Review: Microsoft Lumia 735 for Verizon Wireless
This mid-range Windows Phone is a solid addition to Verizon's smartphone lineup. It boasts a 4.7-inch screen, 6.7-megapixel camera, and quad-core Snapdragon processor. Toss in Microsoft's productivity apps and good battery life, and the Lumia 735 is a balanced performer. Is anything holding this phone back? Find out in Phone Scoop's in-depth report.
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Is It Your Type?
The Microsoft Lumia 735 may not be the least expensive Windows Phone in Verizon's lineup, but it may represent the strongest overall value. If you're looking for the best combination of low-cost hardware and high-productivity software, the Lumia 735 has you covered in spades.
Lumia smartphones all share a similar design aesthetic. The branches of the family tree are rather short. While they are easy to differentiate from competitors' handsets thanks to their plain-yet-compelling shapes, Lumias are also beginning to blend into one another. To my eyes, the Lumia 735 is a shrunken Lumia 920 (which, by the way, is from 2012).
The 735 is a dark gray slab with flat top and bottom edges, rounded side edges, and a back surface that tapers ever-so-gently from the center toward the sides. It is formed by a polycarbonate shell with a matte finish. Sadly, this matte finish displays fingerprint oils, which mar the look a bit. I like the shape of the phone, but — as with nearly all Lumias — I wish it were a bit thinner. It's not setting any records at 10.2mm thick.
There's no denying the phone has a clean look to it, but it might be nice if it were available in colors other than dark gray. Lumia handsets often come in at least two or three shades, but not so with the Lumia 735. You're stuck with neutral gray.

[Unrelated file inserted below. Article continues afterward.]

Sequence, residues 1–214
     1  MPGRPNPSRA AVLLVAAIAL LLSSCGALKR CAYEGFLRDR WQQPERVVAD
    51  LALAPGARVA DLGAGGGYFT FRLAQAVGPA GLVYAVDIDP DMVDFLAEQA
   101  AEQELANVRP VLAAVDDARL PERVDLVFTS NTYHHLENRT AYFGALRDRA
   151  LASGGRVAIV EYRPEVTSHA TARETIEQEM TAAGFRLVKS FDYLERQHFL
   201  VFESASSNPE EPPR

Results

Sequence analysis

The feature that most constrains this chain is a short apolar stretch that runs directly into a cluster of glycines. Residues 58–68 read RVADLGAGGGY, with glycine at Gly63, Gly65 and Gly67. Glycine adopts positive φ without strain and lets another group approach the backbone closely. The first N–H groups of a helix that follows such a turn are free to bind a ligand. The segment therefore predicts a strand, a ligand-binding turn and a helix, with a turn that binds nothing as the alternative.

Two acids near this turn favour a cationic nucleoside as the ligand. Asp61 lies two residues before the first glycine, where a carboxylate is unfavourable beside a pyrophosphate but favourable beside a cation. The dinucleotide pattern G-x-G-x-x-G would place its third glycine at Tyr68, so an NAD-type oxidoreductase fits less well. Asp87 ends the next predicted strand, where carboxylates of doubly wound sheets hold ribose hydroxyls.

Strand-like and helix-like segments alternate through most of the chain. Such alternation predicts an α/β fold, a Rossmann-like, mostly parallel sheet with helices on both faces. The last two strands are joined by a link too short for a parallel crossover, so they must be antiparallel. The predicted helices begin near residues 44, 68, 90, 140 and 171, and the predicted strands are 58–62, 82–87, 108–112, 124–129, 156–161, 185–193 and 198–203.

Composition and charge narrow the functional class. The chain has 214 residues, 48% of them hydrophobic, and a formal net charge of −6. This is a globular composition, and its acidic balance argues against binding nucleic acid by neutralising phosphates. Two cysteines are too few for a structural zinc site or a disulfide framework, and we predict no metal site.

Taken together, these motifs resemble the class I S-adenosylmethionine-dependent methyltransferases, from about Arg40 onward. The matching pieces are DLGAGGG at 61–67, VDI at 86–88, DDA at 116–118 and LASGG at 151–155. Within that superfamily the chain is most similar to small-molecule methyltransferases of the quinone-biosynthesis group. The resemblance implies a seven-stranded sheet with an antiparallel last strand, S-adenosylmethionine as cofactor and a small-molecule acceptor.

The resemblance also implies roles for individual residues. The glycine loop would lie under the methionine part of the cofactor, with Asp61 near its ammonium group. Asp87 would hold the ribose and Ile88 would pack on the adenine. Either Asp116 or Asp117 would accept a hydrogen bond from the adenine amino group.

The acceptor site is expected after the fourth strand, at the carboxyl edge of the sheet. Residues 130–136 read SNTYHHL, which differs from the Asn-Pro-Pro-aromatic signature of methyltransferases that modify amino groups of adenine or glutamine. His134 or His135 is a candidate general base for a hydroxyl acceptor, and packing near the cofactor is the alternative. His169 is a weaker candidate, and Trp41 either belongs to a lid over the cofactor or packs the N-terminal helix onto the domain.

The 735 is really nice to hold and use. The 4.7-inch screen means Microsoft was able to keep the overall size of the phone in a comfortable zone. It fits well in the hand and the curved sides really help when you grip the phone tightly. The weight of the phone is pleasingly light; in fact, it's almost too light. The 735 is compact enough that shoving it into your pockets won't be troublesome.
Build quality is about where it should be for this class of phone. A single plastic shell forms every surface but the actual display, which means there are no seams along the back or side surfaces. The shell joins the edges of the display tightly and it feels good. I think Microsoft/Nokia have delivered polycarbonate phones in the past that come across as stronger, but the 735 doesn't feel chintzy, cheap, or weak.
Lumia phones often have thick bezels surrounding the display, and the 735 shares that same characteristic. There's a slit cut into the glass above the screen for the earpiece speaker and the user-facing camera is plainly visible next to it. The 735 uses on-screen buttons, so there are no hardware keys below the display. Microsoft and Verizon's logos are just barely visible in the glass.
The 735 has only two physical buttons and they are both on the right edge. The screen lock key is positioned in the middle and the volume toggle is above it. They both have a glossy black finish that lets them stand out just a little bit visually from the surrounding matte gray. Finding them with your thumb is a breeze, as they have excellent profiles. Travel and feedback is excellent. I am bummed to report there is no dedicated camera button.
The headphone jack is on the top edge and the USB port is on the bottom.
Removing the rear shell is a bit of a pain. Since it wraps around to the front surface of the phone, it takes some effort to pry loose. You have to pull out the battery if you want to change SIM cards or add a memory card. Some people prefer to own phones with changeable batteries and memory cards; the 735 checks both boxes.
The Lumia 735 from Microsoft is a solid mid-range handset.
Verizon Selling Lumia 735 Starting Today
Verizon Wireless today announced the Microsoft Lumia 735, a low-cost Windows Phone. The 735 includes a 4.7-inch HD screen, 1.2GHz quad-core processor, and 16 GB of storage.
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Would be nice if anyone else made good-sized phones anymore